WEEK1_1 - ITEC 3290: WEEK 1: Defining Technical...

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ITEC 3290: WEEK 1: Defining Technical Communication In this class, Technical Communication is another term for business communication – it is the way we communicate at work. Many people, when they hear the term “Technical Communication”, think of that horrid manual that came with the lawnmower. And yes, that is a form of Technical Communication – but it is by far not the only kind. Technical Communication can be written or spoken. It can consist of sentences or graphics or a combination of both. It can be static – a book – or it can be interactive – a website with animation and sound. Technical Communication is different than other types of communication in terms of why it is produced, how it is produced and for whom it is produced. The goal of Technical Communication is to present information in a way so that people can: Understand it easily Use it safely Use it effectively Use it efficiently Normally, there are two different types of professionals that are responsible for producing Technical Communication. There are Technical Communicators . These are people who work for a company or are contracted by a company to produce a variety of written material. They may be editors, writers, graphic artists, designers, webmasters or production specialists. Regardless of their title, they are hired to create documentation. Technical Professionals , on the other hand, are technically trained people working as professionals – and they write as part of the normal business day. So if you are an engineer, for instance, who finds yourself writing memos or reports as part of your normal job description, you are a Technical Professional. Most of us fall into this category. Many of us, regardless of how technical our training, rely on technical communication at work. Think about the number of e-mails, memos, proposals, reports, contracts, work orders and requisitions you handle throughout the day – those are all examples of technical communication. Technical Communication is different from the magazines or books that we read for enjoyment. It’s written for a particular audience for a specific purpose. Usually, the purpose is to help readers learn something or do something. The content is technical in nature and it’s usually laid out in a specific format. There are essentially six major characteristics of Technical Communication. They are: 1. It addresses a specific audience 2. It helps readers solve problems 3. It reflects an organization’s goals and culture 4. It is often produced collaboratively 5. It uses design to increase readability 6. It consists of words or graphics or both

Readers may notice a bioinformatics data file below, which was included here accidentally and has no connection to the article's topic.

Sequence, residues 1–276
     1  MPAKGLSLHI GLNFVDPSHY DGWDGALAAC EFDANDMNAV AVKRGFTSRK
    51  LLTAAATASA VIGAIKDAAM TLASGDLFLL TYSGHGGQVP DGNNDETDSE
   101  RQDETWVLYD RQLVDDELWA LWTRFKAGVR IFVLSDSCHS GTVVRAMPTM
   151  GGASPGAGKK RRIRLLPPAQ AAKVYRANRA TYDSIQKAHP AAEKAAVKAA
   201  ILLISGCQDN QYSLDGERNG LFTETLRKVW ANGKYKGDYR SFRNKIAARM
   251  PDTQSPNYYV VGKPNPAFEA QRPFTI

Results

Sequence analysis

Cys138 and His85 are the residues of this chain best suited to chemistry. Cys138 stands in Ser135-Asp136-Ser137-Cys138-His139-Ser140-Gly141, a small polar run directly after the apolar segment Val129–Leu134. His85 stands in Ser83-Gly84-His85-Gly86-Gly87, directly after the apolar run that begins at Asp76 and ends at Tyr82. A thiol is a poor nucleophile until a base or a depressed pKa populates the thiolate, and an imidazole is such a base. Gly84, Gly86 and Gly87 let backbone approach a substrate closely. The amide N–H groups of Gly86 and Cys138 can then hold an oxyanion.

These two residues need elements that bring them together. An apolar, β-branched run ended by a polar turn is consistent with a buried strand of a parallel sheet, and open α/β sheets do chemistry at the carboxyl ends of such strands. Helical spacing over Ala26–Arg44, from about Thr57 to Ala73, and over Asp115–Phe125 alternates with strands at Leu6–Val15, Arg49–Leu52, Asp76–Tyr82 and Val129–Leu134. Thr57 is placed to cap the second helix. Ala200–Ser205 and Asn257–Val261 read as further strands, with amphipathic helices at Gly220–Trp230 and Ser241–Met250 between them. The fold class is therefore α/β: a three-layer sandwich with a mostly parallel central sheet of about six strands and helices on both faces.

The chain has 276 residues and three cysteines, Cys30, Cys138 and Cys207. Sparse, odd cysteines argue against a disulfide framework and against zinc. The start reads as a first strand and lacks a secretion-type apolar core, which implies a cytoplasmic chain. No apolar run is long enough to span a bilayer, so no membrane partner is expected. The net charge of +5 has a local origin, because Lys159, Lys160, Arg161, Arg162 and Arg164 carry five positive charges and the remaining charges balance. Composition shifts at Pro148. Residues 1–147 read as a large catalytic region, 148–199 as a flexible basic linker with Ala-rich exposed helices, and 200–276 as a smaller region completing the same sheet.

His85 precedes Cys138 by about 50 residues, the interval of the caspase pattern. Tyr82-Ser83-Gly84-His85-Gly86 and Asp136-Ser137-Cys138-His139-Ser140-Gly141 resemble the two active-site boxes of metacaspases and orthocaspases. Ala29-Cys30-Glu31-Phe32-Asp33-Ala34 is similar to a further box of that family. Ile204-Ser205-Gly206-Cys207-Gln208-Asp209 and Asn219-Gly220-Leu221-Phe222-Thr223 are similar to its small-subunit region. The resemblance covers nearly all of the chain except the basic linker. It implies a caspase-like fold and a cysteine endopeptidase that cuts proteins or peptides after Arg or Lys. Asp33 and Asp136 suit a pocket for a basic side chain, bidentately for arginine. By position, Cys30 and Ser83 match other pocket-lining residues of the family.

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Let’s look at each of these characteristics in more detail. TECHNICAL COMMUNICATION ADDRESSES A PARTICULAR AUDIENCE
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This note was uploaded on 03/18/2012 for the course ITEC 3290 taught by Professor Dunn during the Spring '12 term at East Carolina University .

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WEEK1_1 - ITEC 3290: WEEK 1: Defining Technical...

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